Ways to Meet the 2023 Target and Overcome the Pandemic Not Just in the Global North

What I am suggesting, in no way, claims to disregard the rights of pharmaceutical companies to profit from their economic and research efforts to overcome the pandemic. Even if the materialization of the patents will be granted in 2022 and the current problem is also the lab capacity to meet demand. I am aware that the bill has to be paid, but the “when” could be negotiated.

What will happen to the influential public funding that was invested to achieve the vaccine development? What will China’s role be, no longer in the origin but the solution to the pandemic? Will the economic benefits all go to the pharmaceutical companies? Is national or international intervention justified to prioritize the guarantee the life and global health over immediate monetary gain?

If we continue the current pace of vaccine production (in the hands of a few companies and backed by chauvinistic interests), the 2023 goal will not be achieved in the Global South. We are facing a great opportunity to implement a structural change in the current regime of international economic law and its relationship with human rights. For this reason, I believe that the key in the case of the pandemic is to release vaccine formula information as soon as possible to protect the right to health and life, with the verification and monitoring of protocols in its production by third countries. The COVAX initiative of the World Health Organization lacks teeth, but could be an excellent way to achieve the 2023 goal.

Since the solution lies in the hands of the more “advanced” economies, if rights-based arguments do not convince them, perhaps economic utilitarianism will. According to recent estimates, not vaccinating people outside the borders of rich countries or those of us living in “the developing world” could cost them as much as $9.2 trillion in economic. I know that what I am pointing out and proposing is a shot in the dark and that the proposal led by India and South Africa or similar attempts have little chance of acceptance. Nevertheless, I wanted to recall the Harari’s idea about the strength and impact of “fictions” which, despite being intangible, transform reality. On this occasion, once again, to the detriment of the vast majority of humanity.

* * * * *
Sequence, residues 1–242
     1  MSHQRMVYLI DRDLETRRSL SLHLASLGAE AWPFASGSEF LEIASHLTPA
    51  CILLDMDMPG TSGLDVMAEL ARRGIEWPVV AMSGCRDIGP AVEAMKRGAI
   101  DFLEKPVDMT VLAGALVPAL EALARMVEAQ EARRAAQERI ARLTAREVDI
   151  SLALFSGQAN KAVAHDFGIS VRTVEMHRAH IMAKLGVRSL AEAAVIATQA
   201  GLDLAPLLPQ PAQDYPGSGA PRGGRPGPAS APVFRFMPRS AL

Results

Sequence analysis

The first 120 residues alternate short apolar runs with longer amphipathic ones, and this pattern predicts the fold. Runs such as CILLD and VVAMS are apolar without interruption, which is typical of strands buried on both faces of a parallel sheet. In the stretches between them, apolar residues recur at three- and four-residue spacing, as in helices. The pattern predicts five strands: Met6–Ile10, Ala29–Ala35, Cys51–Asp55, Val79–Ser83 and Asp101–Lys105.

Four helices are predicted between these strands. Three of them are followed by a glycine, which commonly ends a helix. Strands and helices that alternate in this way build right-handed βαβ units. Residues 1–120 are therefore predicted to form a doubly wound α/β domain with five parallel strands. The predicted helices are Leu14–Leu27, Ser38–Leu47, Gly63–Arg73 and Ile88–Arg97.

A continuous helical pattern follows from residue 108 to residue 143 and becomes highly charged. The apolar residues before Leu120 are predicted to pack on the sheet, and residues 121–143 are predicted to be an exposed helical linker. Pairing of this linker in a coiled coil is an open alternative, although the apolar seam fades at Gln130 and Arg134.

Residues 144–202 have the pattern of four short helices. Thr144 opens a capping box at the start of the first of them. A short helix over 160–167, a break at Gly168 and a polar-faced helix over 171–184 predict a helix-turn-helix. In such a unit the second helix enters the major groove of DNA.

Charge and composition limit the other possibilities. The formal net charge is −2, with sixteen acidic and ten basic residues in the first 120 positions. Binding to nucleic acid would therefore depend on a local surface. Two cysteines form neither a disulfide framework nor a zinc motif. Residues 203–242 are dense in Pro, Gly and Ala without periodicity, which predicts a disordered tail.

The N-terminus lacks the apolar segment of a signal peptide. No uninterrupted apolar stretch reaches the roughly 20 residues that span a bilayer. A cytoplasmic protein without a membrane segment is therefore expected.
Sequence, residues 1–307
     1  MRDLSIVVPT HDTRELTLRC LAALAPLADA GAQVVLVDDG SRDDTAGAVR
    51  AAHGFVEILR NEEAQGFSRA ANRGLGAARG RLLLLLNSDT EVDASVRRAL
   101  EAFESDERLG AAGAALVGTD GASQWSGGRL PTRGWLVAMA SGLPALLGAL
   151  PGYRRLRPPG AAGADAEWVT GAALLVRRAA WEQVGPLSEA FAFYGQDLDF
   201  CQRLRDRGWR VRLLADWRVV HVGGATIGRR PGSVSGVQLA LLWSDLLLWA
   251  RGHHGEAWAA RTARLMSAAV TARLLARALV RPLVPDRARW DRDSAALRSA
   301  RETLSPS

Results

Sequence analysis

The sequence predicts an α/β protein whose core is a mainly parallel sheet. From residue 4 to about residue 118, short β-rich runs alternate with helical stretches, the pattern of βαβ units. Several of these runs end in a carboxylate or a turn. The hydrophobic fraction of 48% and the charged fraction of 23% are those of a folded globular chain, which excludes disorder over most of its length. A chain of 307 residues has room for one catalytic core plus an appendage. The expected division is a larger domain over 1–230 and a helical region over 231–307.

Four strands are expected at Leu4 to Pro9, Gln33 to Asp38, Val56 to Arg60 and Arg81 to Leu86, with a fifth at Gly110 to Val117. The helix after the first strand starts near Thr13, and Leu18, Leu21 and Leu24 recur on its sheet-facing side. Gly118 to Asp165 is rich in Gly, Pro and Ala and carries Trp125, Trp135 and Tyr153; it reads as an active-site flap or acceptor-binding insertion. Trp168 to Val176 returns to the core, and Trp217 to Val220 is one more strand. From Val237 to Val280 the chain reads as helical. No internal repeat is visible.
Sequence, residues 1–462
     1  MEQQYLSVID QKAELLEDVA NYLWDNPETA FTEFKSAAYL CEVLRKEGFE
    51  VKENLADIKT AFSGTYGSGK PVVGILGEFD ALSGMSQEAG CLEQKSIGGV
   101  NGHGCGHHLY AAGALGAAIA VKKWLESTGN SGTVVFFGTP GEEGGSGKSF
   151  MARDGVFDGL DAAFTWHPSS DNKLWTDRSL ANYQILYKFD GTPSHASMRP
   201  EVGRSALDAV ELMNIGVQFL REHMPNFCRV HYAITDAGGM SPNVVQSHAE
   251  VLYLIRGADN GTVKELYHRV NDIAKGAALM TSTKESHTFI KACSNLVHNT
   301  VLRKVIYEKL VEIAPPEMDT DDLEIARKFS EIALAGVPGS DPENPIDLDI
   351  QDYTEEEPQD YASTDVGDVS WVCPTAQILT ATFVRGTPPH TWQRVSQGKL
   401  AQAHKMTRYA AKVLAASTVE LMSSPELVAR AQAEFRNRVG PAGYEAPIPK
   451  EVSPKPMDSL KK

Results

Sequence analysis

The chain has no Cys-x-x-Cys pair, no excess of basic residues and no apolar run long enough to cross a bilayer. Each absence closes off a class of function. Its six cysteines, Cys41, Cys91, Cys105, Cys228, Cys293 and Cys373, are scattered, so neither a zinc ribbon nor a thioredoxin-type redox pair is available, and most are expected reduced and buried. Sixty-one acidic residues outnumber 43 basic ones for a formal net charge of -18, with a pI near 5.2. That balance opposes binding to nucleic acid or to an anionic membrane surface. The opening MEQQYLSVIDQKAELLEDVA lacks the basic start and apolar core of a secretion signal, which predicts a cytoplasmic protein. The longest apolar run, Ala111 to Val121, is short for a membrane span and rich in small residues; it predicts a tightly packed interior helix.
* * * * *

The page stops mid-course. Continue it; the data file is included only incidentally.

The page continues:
This article was first published in Latin American Spanish on the Blog Agenda Estado de Derecho.

Juan C. Herrera

Juan C. Herrera is a Research Fellow at Universidad de Los Andes, Colombia. Former Senior Research Fellow at the Max Planck Institute for Comparative Public Law and International Law and Law Clerk of the Constitutional Court of Colombia. In parallel to teaching and research, he is dedicated to consulting with public and private entities on Public Law and Latin American affairs.